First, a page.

About Dr. G

Dr. Stephen Grcevich serves as President and Founder of Key Ministry, a non-profit organization providing free training, consultation, resources and support to help churches serve families of children with disabilities. Dr. Grcevich is a graduate of Northeastern Ohio Medical University (NEOMED), trained in General Psychiatry at the Cleveland Clinic Foundation and in Child and Adolescent Psychiatry at University Hospitals of Cleveland/Case Western Reserve University. He is a faculty member in Child and Adolescent Psychiatry at two medical schools, leads a group practice in suburban Cleveland (Family Center by the Falls), and continues to be involved in research evaluating the safety and effectiveness of medications prescribed to children for ADHD, anxiety and depression. He is a past recipient of the Exemplary Psychiatrist Award from the National Alliance on Mental Illness (NAMI). Dr. Grcevich was recently recognized by Sharecare as one of the top ten online influencers in children’s mental health. His blog for Key Ministry, was ranked fourth among the top 100 children's ministry blogs in 2015 by Ministry to Children.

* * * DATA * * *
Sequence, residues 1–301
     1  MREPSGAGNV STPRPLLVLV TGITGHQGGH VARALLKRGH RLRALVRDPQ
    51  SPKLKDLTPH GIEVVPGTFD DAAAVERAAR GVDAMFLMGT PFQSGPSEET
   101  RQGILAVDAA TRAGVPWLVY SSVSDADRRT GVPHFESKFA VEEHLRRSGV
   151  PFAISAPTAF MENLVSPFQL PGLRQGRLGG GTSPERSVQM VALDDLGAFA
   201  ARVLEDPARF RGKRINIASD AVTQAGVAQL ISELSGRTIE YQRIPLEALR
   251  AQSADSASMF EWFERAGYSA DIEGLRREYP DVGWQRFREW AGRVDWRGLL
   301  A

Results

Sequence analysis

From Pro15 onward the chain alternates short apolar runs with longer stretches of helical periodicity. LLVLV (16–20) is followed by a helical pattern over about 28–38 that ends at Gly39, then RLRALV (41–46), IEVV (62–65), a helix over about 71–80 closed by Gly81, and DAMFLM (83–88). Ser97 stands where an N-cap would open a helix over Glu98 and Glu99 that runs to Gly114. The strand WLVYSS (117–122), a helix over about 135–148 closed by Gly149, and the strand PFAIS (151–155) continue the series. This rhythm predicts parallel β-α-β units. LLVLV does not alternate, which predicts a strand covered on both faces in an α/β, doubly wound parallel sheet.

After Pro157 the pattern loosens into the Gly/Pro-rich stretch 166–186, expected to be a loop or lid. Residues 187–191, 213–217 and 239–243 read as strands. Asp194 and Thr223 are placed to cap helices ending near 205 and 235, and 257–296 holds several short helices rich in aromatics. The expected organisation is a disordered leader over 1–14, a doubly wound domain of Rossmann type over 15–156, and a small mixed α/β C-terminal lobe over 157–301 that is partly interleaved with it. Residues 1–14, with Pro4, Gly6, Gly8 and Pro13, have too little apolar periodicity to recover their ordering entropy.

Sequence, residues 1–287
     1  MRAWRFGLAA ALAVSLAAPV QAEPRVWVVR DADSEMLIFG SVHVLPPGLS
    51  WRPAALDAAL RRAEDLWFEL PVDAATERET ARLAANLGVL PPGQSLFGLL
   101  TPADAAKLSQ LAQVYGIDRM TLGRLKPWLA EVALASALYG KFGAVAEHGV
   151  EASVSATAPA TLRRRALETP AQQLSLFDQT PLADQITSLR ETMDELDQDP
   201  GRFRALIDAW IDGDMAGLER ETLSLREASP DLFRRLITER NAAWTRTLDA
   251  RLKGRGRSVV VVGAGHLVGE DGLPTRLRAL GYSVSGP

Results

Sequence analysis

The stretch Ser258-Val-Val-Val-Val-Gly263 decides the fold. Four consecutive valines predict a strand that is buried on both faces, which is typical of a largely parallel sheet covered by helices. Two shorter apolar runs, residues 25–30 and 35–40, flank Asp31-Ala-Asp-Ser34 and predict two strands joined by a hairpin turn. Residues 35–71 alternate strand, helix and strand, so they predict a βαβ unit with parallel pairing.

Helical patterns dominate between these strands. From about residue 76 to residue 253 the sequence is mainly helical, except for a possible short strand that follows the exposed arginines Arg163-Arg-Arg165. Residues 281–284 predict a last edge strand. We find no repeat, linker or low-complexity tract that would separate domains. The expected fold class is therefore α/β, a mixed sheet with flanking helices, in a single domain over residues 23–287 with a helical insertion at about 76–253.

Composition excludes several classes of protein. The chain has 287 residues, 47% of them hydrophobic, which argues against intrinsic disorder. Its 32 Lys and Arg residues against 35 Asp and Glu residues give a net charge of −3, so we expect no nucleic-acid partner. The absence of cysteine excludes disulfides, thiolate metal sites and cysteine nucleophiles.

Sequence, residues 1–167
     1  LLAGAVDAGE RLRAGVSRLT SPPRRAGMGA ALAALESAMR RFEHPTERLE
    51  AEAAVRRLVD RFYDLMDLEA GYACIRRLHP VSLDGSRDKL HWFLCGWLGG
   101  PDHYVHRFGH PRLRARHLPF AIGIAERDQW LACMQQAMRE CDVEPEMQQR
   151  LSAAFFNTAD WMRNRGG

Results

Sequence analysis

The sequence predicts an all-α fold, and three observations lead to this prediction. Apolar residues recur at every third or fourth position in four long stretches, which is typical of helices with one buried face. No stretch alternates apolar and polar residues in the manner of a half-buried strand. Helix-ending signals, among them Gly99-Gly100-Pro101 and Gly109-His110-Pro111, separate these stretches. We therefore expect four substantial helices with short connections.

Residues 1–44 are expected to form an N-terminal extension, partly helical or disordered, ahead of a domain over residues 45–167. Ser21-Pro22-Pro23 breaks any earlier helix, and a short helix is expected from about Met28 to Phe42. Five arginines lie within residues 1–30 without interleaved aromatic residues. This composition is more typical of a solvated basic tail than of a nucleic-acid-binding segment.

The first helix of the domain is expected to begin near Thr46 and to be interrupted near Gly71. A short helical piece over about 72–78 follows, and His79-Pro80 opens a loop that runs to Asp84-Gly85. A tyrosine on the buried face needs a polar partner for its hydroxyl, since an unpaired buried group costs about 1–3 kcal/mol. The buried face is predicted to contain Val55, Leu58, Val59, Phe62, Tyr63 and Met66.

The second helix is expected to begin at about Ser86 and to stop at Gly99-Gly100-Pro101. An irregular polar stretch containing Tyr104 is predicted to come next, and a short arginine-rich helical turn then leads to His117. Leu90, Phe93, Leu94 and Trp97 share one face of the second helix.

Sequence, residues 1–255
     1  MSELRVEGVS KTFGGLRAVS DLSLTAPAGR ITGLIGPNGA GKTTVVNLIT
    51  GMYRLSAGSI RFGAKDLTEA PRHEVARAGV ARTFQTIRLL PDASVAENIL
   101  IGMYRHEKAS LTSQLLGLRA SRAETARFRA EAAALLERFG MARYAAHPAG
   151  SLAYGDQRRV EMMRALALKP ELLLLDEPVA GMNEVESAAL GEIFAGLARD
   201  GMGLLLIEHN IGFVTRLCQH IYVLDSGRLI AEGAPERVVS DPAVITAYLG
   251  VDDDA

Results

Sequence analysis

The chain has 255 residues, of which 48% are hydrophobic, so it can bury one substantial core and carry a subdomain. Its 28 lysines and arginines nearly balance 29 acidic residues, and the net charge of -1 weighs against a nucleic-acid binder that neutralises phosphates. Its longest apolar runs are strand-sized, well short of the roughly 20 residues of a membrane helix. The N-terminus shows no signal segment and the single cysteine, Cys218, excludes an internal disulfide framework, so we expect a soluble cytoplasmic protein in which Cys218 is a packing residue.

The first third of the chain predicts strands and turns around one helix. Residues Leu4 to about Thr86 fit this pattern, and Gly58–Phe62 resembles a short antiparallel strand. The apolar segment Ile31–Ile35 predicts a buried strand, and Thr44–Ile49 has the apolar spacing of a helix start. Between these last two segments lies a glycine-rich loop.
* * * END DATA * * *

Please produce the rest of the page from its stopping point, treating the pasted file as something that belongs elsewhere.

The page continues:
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2 Responses to Six reasons people with disabilities don’t know we love them

  1. jdwilson11 says:

    Shannon, thank you for this post. I have firsthand experience with some of the situations you describe. The rejection, from people I thought would be the most understanding about my son’s disabilities, was the most hurtful. I love my son and know that he was created by God for a specific purpose. I pray more churches, and Christians in general, will begin to view individuals with disabilities the way God views them. Thank you again for this post and thank you for your ministry.


  2. Ruth says:

    Many of us aren’t looking for a “special” group, a “special” ministry…quite frankly…we are special’d…out!! We would love for you to include our sons and daughters in typical groups for service, community outreach and fellowship…have a men’s group include my son in a fishing outing or your daughter in a movie night with non-disabled peers. They have been fed enough pizza and ice cream for a lifetime, and are given trinkets designed for preschoolers..if given the opportunities…they can teach others about the purity and authenticity of a faith that may put our academic theology to the test.

    Signed.. a mom who still hopes that the body of Christ will step up to include the marginalized, rather than create another focus group or ministry..these people are a critical part of the body